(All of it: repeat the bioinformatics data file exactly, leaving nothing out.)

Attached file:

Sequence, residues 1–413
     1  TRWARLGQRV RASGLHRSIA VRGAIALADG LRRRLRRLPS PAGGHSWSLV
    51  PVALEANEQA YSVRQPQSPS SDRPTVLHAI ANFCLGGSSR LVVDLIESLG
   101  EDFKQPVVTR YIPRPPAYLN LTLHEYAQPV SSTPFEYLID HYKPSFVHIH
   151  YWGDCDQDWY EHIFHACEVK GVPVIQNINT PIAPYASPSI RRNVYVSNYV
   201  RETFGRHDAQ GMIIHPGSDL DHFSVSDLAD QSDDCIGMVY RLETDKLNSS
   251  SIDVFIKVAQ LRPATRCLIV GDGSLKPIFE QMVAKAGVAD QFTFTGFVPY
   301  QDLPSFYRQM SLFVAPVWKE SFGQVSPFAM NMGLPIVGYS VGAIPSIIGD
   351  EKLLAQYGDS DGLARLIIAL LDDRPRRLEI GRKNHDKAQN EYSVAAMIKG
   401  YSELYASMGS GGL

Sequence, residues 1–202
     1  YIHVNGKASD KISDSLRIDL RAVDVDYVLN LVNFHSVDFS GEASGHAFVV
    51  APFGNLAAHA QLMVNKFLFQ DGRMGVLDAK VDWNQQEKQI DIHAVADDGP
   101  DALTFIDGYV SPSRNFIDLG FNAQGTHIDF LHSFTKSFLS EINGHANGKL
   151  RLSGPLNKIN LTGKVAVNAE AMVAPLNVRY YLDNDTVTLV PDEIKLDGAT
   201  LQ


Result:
Sequence, residues 1–413
     1  TRWARLGQRV RASGLHRSIA VRGAIALADG LRRRLRRLPS PAGGHSWSLV
    51  PVALEANEQA YSVRQPQSPS SDRPTVLHAI ANFCLGGSSR LVVDLIESLG
   101  EDFKQPVVTR YIPRPPAYLN LTLHEYAQPV SSTPFEYLID HYKPSFVHIH
   151  YWGDCDQDWY EHIFHACEVK GVPVIQNINT PIAPYASPSI RRNVYVSNYV
   201  RETFGRHDAQ GMIIHPGSDL DHFSVSDLAD QSDDCIGMVY RLETDKLNSS
   251  SIDVFIKVAQ LRPATRCLIV GDGSLKPIFE QMVAKAGVAD QFTFTGFVPY
   301  QDLPSFYRQM SLFVAPVWKE SFGQVSPFAM NMGLPIVGYS VGAIPSIIGD
   351  EKLLAQYGDS DGLARLIIAL LDDRPRRLEI GRKNHDKAQN EYSVAAMIKG
   401  YSELYASMGS GGL

Sequence, residues 1–202
     1  YIHVNGKASD KISDSLRIDL RAVDVDYVLN LVNFHSVDFS GEASGHAFVV
    51  APFGNLAAHA QLMVNKFLFQ DGRMGVLDAK VDWNQQEKQI DIHAVADDGP
   101  DALTFIDGYV SPSRNFIDLG FNAQGTHIDF LHSFTKSFLS EINGHANGKL
   151  RLSGPLNKIN LTGKVAVNAE AMVAPLNVRY YLDNDTVTLV PDEIKLDGAT
   201  LQ